"The whole year, people were getting their licenses, deciding on what clothes they wanted to wear. Reserving their appointments six months in advance for the hair salon," says Sakr.
But the experience of and letdown from the Prom are much greater. "It's almost impossible for any experience to live up to that build up," says Imam. "This whole night there's [an] aura of high class escapism, but the day before the Prom and the day after you're still the same, unsure teen," she says, adding it makes it seem almost like you have nothing to look forward to anymore.
"The next morning I went home on the city bus," she says. "It's almost like turning back into Cinderella's pumpkin."
Intense peer pressure to go to the Prom
Peer pressure to go to the prom is strong. Consider Shazia Ahmad's case: "I wear Hijab, I started a Muslim club at my school and I'm still asked what am I going to wear to the Prom," she says.
"The young folks are, because of our failure to provide Muslim high schools and Islamic educational environments for our teenagers, in the public schools, and they're subject to the pressure," explains Griggs. "It's not an artificially induced pressure they're feeling."
Amber Rehman, 21, of Montreal, Canada did not go to her Prom but warns that, "I had to be very firm and have a very forward opinion on it. If I let myself, I could have been persuaded."
Peer pressure is often what makes young Muslims decide to go. "It depends on how dear you hold your non-Muslim friends," says Sakr. "I would say most guys would follow the group. "
But I just want to go out with my friends...
What's wrong with the prom if all it is is going out with my friends to celebrate, some Muslim youth ask. "Of course you want to be with your friends," says University of Toronto student Aiysha Malik. She attended high school in Mississauga, a suburb of Toronto, Canada.
"Regardless of whether a person is Muslim or non-Muslim you forge bonds with people who have watched out for you for five years," she says in an interview with Sound Vision. "So you build bonds and you want to spend time with them, but you have to ask yourself, what kind of time do you want to spend?"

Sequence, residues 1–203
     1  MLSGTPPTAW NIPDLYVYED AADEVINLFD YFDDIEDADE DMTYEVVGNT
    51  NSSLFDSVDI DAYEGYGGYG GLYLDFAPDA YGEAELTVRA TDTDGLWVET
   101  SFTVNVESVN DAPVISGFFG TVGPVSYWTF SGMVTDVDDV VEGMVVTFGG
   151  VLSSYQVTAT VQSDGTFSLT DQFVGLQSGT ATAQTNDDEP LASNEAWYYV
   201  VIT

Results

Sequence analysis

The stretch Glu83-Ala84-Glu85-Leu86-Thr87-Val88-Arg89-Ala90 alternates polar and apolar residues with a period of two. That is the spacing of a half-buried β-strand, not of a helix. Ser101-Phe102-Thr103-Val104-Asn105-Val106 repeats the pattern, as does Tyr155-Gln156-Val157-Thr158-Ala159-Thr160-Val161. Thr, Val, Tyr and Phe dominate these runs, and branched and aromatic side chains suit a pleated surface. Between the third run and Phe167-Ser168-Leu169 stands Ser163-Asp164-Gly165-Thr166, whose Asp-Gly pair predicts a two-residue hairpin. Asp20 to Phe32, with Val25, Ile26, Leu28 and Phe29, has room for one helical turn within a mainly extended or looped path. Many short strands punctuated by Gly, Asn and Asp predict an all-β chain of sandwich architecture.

"They'll be drinking and they won't be the friends you know at school," she explains."Once a person drinks they act different and the dynamic is different. It's less focused on friendship."
"At a prom it seems as if you're together but you're not. It's like going to a movie together. You go to a movie with friends but you focus on the screen. You're not interacting with one another, but you're sitting next to one another, so you think you're together just because you're physically present together." Malik chose not to attend her Prom.
Sakr adds that at the Prom, "you're seeing people you've spent the last five years of your life with in their worst behavior, and you're rationalizing it."
It won't affect me
A number of youth assume it's easy to attend the prom and not drink, dance, do drugs, etc. The reality is very different. "It's really hard to have a halfway thing," says Imam. "There's no way your Muslim child can just go there and be a wallflower and not be affected," she warns parents.
"If you think that you can protect yourself, then you're entrusting yourself to your own weakness," says Rehman. She adds that Allah warns against even going near Zina (sex outside of marriage). With the prom, you're not only going near that, but also near alcohol and drugs.
"You're bearing witness to the Haram and ask yourself, if you were to die there, how would you face Allah, that this is the last time you would be with your friends?" asks Sakr.
One night of ignorance, and never again!
"Perhaps, just for one night I could pretend to be a regular Western teenage girl, dress up beautifully, make my hair and make up, dance, have fun, and then, wAllah, I promise, I swear to God, I'll act like a Muslim forever after," wrote an anonymous Muslim youth in the Summer 1995 issue of the Montreal, Canada newsletter Salam, rationalizing her choice to go to her prom.
"Many Muslim youth may be tempted to think that this night is their last foray into the (unIslamic aspects of popular) culture," says Imam. But the result of this approach could be deadly: it could mean never coming back to Islam.
"When I weigh the pros and cons of what happened, my Deen (religion) is still here and if I had had fun that night I would have forgotten easily," says Rehman.
The Prom night bubble bursts
Apart from the letdown from the gigantic hype, prom night turns out to be a bust for many.
Although Sakr says the day of the prom he just stayed home, was bored, and "sort of regretted the fun that I could have had," he later found out almost everyone at his prom was drunk, there was too much craziness in the hotels, and some people got kicked out.
The prom is a major test for Muslim youth. It represents the struggle against some of the very basic elements of what is defined as a "good time" in North American teenage culture. Muslim parents and communities need to work together to recognize and help the youth resist these pressures.
Perhaps they can start with advice from youth like Shazia Ahmad, for whom the prom is no big deal. "There's life after the prom," she says with a small laugh.